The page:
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Black v. Colvin

United States District Court, W.D. Pennsylvania

April 16, 2015

DORA BLACK, Plaintiff,
v.
CAROLYN W. COLVIN, Commissioner of Social Security, Defendant.

OPINION AND ORDER

DONETTA W. AMBROSE, District Judge.

SYNOPSIS

Plaintiff filed applications for social security and disability benefits pursuant to Titles II and XVI of the Social Security Act, alleging disability due to various physical and mental impairments. Plaintiff's application was denied initially, and upon hearing before an Administrative Law Judge ("ALJ"). The Appeals Council denied her request for review. Before the Court are the parties' cross-motions for summary judgment. For the following reasons, Plaintiff's Motion will be denied, and Defendant's granted.

OPINION

I. STANDARD OF REVIEW

Judicial review of the Commissioner's final decisions on disability claims is provided by statute. 42 U.S.C. §§ 405(g) 6 and 1383(c)(3) 7. Section 405(g) permits a district court to review the transcripts and records upon which a determination of the Commissioner is based, and the court will review the record as a whole. See 5 U.S.C. §706. When reviewing a decision, the district court's role is limited to determining whether the record contains substantial evidence to support an ALJ's findings of fact. Burns v. Barnhart, 312 F.3d 113, 118 (3d Cir. 2002). Substantial evidence is defined as "such relevant evidence as a reasonable mind might accept as adequate" to support a conclusion. Ventura v. Shalala, 55 F.3d 900, 901 (3d Cir. 1995) (quoting Richardson v. Perales, 402 U.S. 389, 401, 91 S.Ct. 1420, 28 L.Ed.2d 842 (1971)). If the ALJ's findings of fact are supported by substantial evidence, they are conclusive. 42 U.S.C. § 405(g); Richardson, 402 U.S. at 390.

A district court cannot conduct a de novo review of the Commissioner's decision, or re-weigh the evidence of record; the court can only judge the propriety of the decision with reference to the grounds invoked by the Commissioner when the decision was rendered. Palmer v. Apfel, 995 F.Supp. 549, 552 (E.D. Pa. 1998); S.E.C. v. Chenery Corp., 332 U.S. 194, 196-97, 67 S.Ct. 1575, 91 L.Ed. 1995 (1947). Otherwise stated, "I may not weigh the evidence or substitute my own conclusion for that of the ALJ. I must defer to the ALJ's evaluation of evidence, assessment of the credibility of witnesses, and reconciliation of conflicting expert opinions. If the ALJ's findings of fact are supported by substantial evidence, I am bound by those findings, even if I would have decided the factual inquiry differently." Brunson v. Astrue, 2011 U.S. Dist. LEXIS 55457 (E.D. Pa. Apr. 14, 2011) (citations omitted).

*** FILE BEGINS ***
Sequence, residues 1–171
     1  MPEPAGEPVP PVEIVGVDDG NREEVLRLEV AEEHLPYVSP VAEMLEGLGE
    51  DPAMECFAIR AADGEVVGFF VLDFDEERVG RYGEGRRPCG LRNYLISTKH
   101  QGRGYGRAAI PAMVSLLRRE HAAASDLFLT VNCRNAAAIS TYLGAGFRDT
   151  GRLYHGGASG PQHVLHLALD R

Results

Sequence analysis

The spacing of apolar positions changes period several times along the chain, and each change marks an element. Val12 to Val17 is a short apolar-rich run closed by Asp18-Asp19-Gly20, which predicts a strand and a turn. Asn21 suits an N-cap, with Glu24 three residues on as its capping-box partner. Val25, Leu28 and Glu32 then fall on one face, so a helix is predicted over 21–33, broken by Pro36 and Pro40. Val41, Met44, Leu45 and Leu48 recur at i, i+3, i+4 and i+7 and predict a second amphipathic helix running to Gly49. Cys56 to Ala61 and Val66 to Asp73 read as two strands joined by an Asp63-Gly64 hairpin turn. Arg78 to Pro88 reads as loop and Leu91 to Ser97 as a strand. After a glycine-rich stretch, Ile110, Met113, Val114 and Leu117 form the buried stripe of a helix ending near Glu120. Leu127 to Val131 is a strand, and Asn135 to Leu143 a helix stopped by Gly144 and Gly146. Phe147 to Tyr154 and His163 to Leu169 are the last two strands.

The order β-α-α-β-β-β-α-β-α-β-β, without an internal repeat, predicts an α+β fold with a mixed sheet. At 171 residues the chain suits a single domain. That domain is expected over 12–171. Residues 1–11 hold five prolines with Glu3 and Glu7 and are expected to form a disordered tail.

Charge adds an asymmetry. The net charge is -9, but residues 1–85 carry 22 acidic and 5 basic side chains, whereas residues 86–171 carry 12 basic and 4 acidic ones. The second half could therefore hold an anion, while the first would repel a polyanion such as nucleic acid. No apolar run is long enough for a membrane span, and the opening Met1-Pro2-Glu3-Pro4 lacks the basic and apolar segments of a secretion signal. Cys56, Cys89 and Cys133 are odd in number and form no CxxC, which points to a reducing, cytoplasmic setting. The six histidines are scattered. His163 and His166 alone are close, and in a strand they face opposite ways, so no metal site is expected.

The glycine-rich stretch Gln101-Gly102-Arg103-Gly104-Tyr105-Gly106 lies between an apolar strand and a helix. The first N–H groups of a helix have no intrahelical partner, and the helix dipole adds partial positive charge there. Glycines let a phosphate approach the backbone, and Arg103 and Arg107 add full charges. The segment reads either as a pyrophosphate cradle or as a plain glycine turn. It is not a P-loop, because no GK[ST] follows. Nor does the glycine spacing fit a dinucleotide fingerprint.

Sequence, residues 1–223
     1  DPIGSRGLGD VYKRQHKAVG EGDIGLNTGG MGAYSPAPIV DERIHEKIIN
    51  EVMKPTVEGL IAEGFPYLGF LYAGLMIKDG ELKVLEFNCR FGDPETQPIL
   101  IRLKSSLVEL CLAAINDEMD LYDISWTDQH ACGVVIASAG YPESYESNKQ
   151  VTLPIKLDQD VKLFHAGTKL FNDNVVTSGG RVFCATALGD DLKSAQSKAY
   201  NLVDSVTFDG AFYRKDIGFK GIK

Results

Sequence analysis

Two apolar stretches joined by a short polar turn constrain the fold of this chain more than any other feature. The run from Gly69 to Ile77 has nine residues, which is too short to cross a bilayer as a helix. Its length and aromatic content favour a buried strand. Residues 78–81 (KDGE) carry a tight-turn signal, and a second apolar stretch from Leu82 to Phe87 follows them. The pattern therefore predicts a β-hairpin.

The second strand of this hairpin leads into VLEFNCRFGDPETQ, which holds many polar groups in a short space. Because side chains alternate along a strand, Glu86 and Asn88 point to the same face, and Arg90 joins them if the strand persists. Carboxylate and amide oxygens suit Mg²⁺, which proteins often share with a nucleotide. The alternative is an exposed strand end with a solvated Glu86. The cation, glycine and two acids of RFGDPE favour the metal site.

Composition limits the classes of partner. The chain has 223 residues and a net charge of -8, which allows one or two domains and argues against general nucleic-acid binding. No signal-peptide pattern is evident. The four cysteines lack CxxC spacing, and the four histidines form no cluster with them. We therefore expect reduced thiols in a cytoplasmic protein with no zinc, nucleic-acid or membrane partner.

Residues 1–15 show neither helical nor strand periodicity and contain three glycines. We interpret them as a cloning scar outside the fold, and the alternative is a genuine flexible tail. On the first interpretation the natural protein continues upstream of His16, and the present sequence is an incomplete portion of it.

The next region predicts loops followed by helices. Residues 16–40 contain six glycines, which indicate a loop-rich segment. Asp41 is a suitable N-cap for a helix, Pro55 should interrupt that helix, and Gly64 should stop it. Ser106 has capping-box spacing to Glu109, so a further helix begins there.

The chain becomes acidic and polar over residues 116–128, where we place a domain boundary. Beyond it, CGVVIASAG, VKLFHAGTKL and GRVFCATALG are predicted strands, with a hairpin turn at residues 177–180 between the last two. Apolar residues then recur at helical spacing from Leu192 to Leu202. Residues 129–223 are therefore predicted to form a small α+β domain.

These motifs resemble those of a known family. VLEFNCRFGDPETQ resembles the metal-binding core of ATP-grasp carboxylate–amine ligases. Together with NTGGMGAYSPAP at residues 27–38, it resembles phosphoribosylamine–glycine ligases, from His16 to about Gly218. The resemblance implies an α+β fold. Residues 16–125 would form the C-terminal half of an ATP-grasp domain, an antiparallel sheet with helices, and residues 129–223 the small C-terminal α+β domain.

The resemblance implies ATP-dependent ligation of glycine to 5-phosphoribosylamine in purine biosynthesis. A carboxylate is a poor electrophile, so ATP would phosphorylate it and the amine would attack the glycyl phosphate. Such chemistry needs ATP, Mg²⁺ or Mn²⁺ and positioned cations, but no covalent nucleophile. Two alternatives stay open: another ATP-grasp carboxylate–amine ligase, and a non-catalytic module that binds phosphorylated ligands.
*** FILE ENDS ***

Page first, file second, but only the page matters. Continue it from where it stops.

II. PLAINTIFF'S MOTION

Presently, Plaintiff contends that the ALJ applied an incorrect standard in failing to assess her global functioning assessment ("GAF") scores, and dealt improperly with the medical opinion of record.

A. GAF Scores

Although the GAF scores do not have a direct correlation to the severity requirements used for disability determinations, GAF scores constitute relevant medical evidence that "must be addressed by an ALJ in making a determination regarding a claimant's disability." Colon v. Barnhart, 424 F.Supp.2d 805, 812 (E.D. Pa. 2006); 66 Fed. Reg. 50764-5 (2000).

The GAF is only a snapshot opinion about the level of functioning. It is one opinion that we consider with all the evidence about a person's functioning. Unless the clinician clearly explains the reasons behind his or her GAF rating, and the period to which the rating applies, it does not provide a reliable longitudinal picture of the claimant's mental functioning for a disability analysis.

Kroh v. Colvin, 2014 U.S. Dist. LEXIS 122900, at *53 (M.D. Pa. Sept. 4, 2014).

Thus, a failure to refer to or rely on GAF scores, even if those scores are similar, is not necessarily error. Rios v. Comm'r of Soc. Sec., 444 Fed.Appx. 532, 534-35 (3d Cir. 2011). This is particularly true if the mental health provider's report does not relate the score to specific limitations, or explain the basis for the GAF rating, or if the ALJ discussed the records where the GAF scores were provided. See Gilroy v. Astrue, 351 F. Appx. 714, 715-16 (3d Cir. 2009); Shamonsky v. Comm'r of Soc. Sec., 2011 U.S. Dist. LEXIS 80853, *19 (W.D. Pa. July 25, 2011). Moreover, "[a]n ALJ's failure to include a GAF score in his or her discussion is considered to be harmless error where a claimant has not explained how the GAF score would have ...


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